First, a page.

What should your QA team focus on to become truly agile, enable quality at speed, and contribute to lasting performance improvement? In addition to introducing test automation, I suggest considering shared responsibility for software soundness.
Agile
Quality assurance
interview-with-dileep
28 November 2022,
by a1qa
9 min read
Interview with Dileep Marway on a series of articles “Agility and speed: Supercharging your business strategies with QA”
We cooperated with the VP of Engineering and Quality at SHL to present you with a series of his blog posts on: culture of happiness, test automation, and Agile-driven QA. Happy reading!
Agile
Quality assurance
Software lifecycle QA
Test automation
optimizing-budget-with-qa
31 October 2022,
by a1qa
4 min read
Optimizing telecom budgets with QA outsourcing: everything you need to know. Part 2 
Welcome to Part 2 of our blog on QA outsourcing and optimizing telecom budget with it. Let’s delve deeper into the topic!
QA trends
Quality assurance
optimizing-budget-with-qa
27 October 2022,
by a1qa
4 min read
Optimizing telecom budgets with QA outsourcing: everything you need to know. Part 1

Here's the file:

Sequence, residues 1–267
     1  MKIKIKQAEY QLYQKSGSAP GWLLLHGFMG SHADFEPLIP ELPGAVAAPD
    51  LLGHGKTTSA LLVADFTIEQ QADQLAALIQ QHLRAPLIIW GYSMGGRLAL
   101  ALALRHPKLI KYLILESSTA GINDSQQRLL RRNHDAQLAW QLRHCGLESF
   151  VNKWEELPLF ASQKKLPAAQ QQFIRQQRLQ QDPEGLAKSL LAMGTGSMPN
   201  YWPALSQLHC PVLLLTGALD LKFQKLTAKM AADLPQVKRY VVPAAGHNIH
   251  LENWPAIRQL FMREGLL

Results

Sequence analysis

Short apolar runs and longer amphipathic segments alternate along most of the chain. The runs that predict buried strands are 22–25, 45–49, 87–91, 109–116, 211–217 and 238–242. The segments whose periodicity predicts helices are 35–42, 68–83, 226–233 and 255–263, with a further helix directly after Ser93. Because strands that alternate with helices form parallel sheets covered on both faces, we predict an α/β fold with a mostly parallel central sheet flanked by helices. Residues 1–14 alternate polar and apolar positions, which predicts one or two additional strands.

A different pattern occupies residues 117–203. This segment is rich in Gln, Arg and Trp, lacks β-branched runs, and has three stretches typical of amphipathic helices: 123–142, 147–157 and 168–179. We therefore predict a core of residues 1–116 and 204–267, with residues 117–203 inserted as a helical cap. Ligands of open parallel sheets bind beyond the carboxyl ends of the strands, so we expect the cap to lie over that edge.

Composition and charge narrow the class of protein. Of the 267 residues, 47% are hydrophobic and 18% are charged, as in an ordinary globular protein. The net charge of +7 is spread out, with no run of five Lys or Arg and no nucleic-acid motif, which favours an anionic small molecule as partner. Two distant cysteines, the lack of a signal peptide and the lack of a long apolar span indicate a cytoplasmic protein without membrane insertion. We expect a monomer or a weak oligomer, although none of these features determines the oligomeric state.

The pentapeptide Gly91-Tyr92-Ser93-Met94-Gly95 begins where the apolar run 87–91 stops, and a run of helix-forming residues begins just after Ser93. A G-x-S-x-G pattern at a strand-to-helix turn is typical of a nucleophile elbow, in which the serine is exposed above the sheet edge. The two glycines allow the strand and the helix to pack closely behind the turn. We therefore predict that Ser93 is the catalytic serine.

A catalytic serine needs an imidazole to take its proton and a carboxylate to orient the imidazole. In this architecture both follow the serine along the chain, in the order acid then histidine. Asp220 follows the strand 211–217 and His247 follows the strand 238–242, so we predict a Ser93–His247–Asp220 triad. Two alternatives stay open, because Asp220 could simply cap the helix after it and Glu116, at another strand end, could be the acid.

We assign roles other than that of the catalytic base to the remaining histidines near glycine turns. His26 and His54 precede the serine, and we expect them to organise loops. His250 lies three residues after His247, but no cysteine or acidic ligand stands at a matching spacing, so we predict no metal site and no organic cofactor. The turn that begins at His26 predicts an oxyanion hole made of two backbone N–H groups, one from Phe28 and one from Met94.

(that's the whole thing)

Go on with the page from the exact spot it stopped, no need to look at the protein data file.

Learn how to optimize telecom’s quality assurance expenses by relying on a trusted QA partner.
QA trends
Quality assurance
qa-trends-in-telecom
30 September 2022,
by a1qa
5 min read
4 telecom trends for 2023 and how to painlessly implement them with QA
It’s time to explore the telecom trends for the upcoming year. Let’s look at them together and also see the value that QA brings for their smooth deployment.
Cybersecurity testing
Migration testing
QA trends
Quality assurance
Test automation

Get in touch

Please fill in the required field.
Email address seems invalid.
Please fill in the required field.
We use cookies on our website to improve its functionality and to enhance your user experience. We also use cookies for analytics. If you continue to browse this website, we will assume you agree that we can place cookies on your device. For more details, please read our Privacy and Cookies Policy.